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How do I stop embroidered fabric puckering?

I am embroidering a picture onto calico and using 3 strands of DMC embroidery cotton. I am using backstitch as a fill stitch and the calico around it is starting to pucker. I have put it into a hoop now, but I'm not sure this is going to help as I don't seem to be able to get it very tight. This is the first time I have attempted a bigger embroidery...it's about the size of an A4 page...so it will be a shame if it doesn't work out, as I was going to enter it into a competition! What should I do?
wendalene
Joined: 10/22/2011 11:22 pm
Posts: 2

Re: How do I stop embroidered fabric puckering?

Hi, Wendalene -

Well, if you started without a hoop and that's when the puckering started, it might be a little late to do much about it. However, you could always see the project through to the end, block it, and see if that helps. To block it, use a cork board and push pins, and pin along the edge of your work, one side first (helps to have a line drawn on your cork board, to ensure you are pinning it straight), from the center edge of that side up to the right edge (or left - doesn't matter) and then go back to the center and pin to the left edge. Pin about every 1/4 - 3/8ths inch, so pretty close pins. Then slightly stretch the fabric as you pin the opposite edge to the corkboard in the same manner. Then pin the two remaining sides in the same manner, only slightly stretching as you pin. Then mist the whole thing lightly with a spray bottle, and let it dry. As it dries, it will shrink up a bit and tighten, smoothing out wrinkles and so forth. Another option: after pinning, you could also take a steam iron and hold it somewhat close to the surface, but not too close - maybe 4" away - and use steam to dampen the fabric slightly. The advantage of steam is that it will initially relax the threads a little bit, which may help with the puckering. Instead of a steam iron, you could use a very hot dry iron, held within several inches of the surface, and then drape a wet towel onto the iron and let that do the steaming.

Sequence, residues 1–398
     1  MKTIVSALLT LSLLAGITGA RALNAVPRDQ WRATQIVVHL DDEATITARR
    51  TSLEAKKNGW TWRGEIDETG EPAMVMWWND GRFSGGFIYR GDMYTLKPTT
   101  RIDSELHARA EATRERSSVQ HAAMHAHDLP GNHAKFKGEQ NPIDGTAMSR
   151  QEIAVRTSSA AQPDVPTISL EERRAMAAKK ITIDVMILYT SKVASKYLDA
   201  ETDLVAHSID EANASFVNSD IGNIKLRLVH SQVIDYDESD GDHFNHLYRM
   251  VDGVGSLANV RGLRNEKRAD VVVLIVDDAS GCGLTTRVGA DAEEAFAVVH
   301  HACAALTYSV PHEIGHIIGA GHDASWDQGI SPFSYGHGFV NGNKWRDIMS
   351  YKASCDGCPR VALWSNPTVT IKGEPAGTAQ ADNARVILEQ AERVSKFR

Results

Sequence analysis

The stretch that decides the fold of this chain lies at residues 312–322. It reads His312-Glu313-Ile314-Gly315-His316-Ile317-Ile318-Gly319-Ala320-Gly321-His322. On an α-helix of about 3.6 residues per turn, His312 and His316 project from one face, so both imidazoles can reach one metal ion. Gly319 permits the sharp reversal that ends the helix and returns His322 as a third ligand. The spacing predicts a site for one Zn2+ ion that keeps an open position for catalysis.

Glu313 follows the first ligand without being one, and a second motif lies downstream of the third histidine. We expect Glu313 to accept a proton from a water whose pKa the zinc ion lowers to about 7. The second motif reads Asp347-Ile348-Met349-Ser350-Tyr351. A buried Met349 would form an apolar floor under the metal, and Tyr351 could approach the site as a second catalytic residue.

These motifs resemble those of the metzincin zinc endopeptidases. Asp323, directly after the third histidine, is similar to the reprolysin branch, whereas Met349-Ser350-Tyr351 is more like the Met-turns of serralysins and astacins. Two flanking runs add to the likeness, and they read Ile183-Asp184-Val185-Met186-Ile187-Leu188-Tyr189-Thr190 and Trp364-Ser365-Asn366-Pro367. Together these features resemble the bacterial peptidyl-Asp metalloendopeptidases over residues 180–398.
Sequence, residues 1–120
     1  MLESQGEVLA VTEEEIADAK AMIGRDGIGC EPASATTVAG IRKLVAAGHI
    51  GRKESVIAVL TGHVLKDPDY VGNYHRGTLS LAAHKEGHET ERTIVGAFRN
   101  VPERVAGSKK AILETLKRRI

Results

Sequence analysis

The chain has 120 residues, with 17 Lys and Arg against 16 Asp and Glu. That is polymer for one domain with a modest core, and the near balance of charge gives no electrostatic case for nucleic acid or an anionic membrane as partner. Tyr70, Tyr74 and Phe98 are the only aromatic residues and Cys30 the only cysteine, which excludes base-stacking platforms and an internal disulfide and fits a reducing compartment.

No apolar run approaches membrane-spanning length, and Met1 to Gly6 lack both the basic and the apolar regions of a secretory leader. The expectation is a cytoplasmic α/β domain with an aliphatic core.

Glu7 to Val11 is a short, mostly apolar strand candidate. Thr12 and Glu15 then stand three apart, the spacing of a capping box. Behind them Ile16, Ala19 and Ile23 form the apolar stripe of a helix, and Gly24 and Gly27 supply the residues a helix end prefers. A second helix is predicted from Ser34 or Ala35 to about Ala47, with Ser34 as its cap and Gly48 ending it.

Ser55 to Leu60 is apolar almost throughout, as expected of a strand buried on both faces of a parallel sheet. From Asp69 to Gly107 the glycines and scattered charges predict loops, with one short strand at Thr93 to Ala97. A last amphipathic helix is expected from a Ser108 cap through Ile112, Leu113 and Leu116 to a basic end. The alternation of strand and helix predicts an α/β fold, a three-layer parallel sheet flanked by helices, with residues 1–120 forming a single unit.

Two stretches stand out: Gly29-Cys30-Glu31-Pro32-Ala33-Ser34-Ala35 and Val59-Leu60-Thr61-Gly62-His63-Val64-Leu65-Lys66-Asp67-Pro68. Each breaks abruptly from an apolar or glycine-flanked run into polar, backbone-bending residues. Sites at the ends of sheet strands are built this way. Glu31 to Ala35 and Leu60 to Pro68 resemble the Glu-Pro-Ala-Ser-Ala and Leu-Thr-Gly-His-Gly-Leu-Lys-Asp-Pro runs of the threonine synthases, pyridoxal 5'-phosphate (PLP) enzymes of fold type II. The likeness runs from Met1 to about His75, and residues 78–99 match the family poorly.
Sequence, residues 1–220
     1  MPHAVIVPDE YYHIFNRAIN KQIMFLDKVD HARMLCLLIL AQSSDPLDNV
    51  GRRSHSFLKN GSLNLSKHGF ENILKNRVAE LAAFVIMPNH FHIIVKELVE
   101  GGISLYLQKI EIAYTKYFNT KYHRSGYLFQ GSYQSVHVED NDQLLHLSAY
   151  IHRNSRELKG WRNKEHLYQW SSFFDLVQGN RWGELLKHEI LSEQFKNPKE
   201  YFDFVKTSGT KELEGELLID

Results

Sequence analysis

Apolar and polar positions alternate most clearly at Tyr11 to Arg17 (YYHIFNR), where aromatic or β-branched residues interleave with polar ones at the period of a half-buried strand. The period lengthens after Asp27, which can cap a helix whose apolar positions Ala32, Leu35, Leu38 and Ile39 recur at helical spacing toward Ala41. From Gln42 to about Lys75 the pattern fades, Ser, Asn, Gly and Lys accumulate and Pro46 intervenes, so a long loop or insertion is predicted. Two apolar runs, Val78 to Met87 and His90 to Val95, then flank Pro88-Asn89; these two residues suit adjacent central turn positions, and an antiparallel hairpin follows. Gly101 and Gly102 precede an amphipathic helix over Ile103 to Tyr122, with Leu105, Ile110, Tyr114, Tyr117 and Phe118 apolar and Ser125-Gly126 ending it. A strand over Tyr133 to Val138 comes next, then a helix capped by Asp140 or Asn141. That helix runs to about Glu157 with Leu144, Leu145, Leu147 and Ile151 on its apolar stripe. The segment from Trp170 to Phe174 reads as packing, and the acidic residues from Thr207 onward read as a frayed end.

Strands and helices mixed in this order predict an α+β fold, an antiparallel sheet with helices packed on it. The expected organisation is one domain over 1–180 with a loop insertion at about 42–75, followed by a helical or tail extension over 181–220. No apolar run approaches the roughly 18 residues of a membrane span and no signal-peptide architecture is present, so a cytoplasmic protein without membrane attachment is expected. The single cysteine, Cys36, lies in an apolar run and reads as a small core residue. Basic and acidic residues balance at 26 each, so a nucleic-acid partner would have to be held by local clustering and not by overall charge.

As you let the piece dry, hopefully all the puckers will come out, but if not all, most....

When you use a hoop with embroidery, your best bet, first off, is a good hoop. Plastic hoops are "ok" when starting out on little projects or for kids, but esp. if you're working on a large project, a plastic hoop just isn't going to keep good tension. And neither is a "cheap" wooden hoop like the kinds sold at most craft stores. For the most part, on the cheap wooden ones that run a couple dollars, the hardware isn't good enough to withstand heavy tensioning, and the wood isn't finished and smooth - it can damage your fabric. So a good hoop is essential. Hardwicke Manor hoops are really the best wooden hoops on the market today - they're smooth and finished, come in lots of sizes and shapes, and the hardware on them is heavy brass and very sturdy.

Even with a good hoop, though, binding the hoop ensures the best tension on the fabric, so that you don't have to keep pulling on the fabric and tightening as you're stitching. Here's a tutorial on binding a hoop: https://www.needlenthread.com/2009/07/tu ... -hoop.html

I hope that helps a little bit! Best of luck with your competition!

MC
MaryCorbet
Joined: 6/1/2011 9:45 am
Posts: 437
Location: Kansas
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Re: How do I stop embroidered fabric puckering?

Thanks so much for that information Mary, I will try the blocking when I've finished. And thank you for the hoop information as well, I have just been buying the wooden hoops from the craft shop (Spotlight here in Australia), so I will have to look out for the brand you mentioned.

I love your website and all the information and how to videos, which are so helpful! Thank you for being so quick to reply also! I can get on with it now, with more hope for a good outcome!
wendalene
Joined: 10/22/2011 11:22 pm
Posts: 2

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